The BMA is calling for decisive action from the new Government to tackle NHS pressures and deliver real change for staff, patients and services.
In a letter to the Prime Minister, BMA council chair Dr Chaand Nagpaul outlines the association’s priorities and key areas the new Government must address, including:
- Increasing health spending by 4.1% each year.
- Prioritising the workforce – including reform of the punitive pension tax system for doctors.
- Legislating for safe staffing.
- Mitigating the threat that Brexit poses to the NHS.
Read the full letter to Boris Johnson.
Commenting, Dr Nagpaul said:
“Today is Day One for the Government to turn their rhetoric about the NHS delivered on the campaign trail into decisive action that will deliver a health service that’s safe for patients and supportive to staff. We know the NHS is in crisis – hospital bed numbers are at a record low, waiting lists the highest since records began and staff are working in an intolerable climate of stress.
“It’s vital that the Government starts today to make a difference on the frontline – especially as we head into the busiest time of the year. The challenges are huge, which is why the BMA calls upon the Government to act immediately to halt the decline in our NHS.
“For years, the NHS has been underfunded, leading to substandard access to care and a desperately overstretched workforce being pushed to the brink. We’re concerned the Conservative commitment falls short of what we’ve asked for to the tune of £6.2bn per year by 2023/241. The BMA believes the NHS needs an additional 10,000 hospital beds in England alone – we have the second lowest number of acute beds compared with populations in Europe – and without this additional funding, patients will be let down by the services they and their families depend on.
“Pledges to increase workforce numbers underline the dire recruitment and retention crisis in the NHS, with 100,000 staff vacancies across the service. The number of full-time GPs has plummeted since a target to increase numbers by 5,000 was set five years ago, so while promises to boost numbers recognise the scale of the problem, politicians must learn from mistakes and broken promises of the past.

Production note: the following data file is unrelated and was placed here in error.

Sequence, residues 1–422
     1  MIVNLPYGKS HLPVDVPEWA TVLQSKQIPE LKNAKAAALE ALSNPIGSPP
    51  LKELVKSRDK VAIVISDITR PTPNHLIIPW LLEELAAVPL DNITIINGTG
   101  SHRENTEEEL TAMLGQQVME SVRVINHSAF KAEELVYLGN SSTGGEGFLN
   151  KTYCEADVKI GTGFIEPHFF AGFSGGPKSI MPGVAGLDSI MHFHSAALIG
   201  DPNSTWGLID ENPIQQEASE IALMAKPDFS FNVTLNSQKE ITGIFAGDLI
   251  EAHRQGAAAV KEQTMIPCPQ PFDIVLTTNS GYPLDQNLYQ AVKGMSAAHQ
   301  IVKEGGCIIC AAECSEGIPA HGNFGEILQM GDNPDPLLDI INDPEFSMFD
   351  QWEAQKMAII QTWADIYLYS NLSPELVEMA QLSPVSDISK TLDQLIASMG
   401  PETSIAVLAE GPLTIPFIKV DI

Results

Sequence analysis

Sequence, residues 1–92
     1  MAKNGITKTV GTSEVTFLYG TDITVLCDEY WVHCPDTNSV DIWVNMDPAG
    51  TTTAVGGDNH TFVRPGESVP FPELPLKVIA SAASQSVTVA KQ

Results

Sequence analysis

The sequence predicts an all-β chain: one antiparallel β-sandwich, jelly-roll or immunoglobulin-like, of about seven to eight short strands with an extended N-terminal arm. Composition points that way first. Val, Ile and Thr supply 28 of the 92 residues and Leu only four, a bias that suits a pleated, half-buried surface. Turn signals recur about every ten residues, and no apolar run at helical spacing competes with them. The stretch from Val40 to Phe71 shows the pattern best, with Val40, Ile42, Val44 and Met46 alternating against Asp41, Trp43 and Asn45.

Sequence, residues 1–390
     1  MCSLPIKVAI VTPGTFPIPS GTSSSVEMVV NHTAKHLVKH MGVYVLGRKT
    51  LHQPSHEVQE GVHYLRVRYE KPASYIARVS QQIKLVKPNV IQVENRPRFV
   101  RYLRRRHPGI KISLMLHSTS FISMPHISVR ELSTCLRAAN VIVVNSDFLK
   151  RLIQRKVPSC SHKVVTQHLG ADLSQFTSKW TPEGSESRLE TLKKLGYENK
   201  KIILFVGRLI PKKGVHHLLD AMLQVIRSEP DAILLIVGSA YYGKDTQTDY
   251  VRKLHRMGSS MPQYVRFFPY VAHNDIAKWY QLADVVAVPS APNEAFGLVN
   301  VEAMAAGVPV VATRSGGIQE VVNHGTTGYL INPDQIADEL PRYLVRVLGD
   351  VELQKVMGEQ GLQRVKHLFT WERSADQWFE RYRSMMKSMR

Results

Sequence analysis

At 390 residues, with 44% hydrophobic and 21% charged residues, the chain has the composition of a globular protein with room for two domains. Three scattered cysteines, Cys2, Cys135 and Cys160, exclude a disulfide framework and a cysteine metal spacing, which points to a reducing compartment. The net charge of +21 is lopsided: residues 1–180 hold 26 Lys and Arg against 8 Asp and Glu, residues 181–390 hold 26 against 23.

“Crucially we must retain experienced and highly-skilled doctors across the board, and the greatest immediate threat to this is punitive pension rules which are forcing doctors to reduce their work or even leave the NHS.
“In their manifesto the Conservatives repeated their commitment to a review of the ‘taper problem’. A review is not enough. We are absolutely clear that the only way to solve the problem is immediate and fundamental taxation reform. This means removing the taper and annual allowance for defined benefit schemes such as the NHS Pension Scheme2, which will work for doctors regardless of whether they are treating families in the NHS, training the next generation of much needed doctors in universities, or supporting our armed forces in the field. Our message to the Government is clear: this must be included in their first Budget, and we are requesting an urgent meeting with the Chancellor to discuss this.
“Brexit will clearly be at the forefront of the new Government’s agenda, and the BMA has warned of the damage that leaving the EU could inflict on the NHS, its staff and patients, especially if this is without a deal. It is vital that the Government takes all possible steps to mitigate the threats that Brexit poses to the health service, the profession and the public’s health.
“As the only association representing all doctors and medical students, we will be looking to work with the Government towards making the NHS a service fit for the 21st century, and ensuring our members’ voices are heard.”
Notes to editors
The BMA is a trade union representing and negotiating on behalf of all doctors in the UK. A leading voice advocating for outstanding health care and a healthy population. An association providing members with excellent individual services and support throughout their lives.
- In its Manifesto for Health, the BMA called for annual increases of 4.1% for the NHS budget. The Institute of Fiscal Studies (IFS) estimates that pledges in the Conservative manifesto equate to an average increase in total health spending of only 3.1% per year between 2019/20 and 2023/24. This will lead to an annual shortfall of £6.2 billion by 2023/24, compared to what the BMA has called for.
- This solution is the same as that outlined by the Government’s own advisory body the Office of Tax Simplification. Find more about the BMA’s work on pensions here.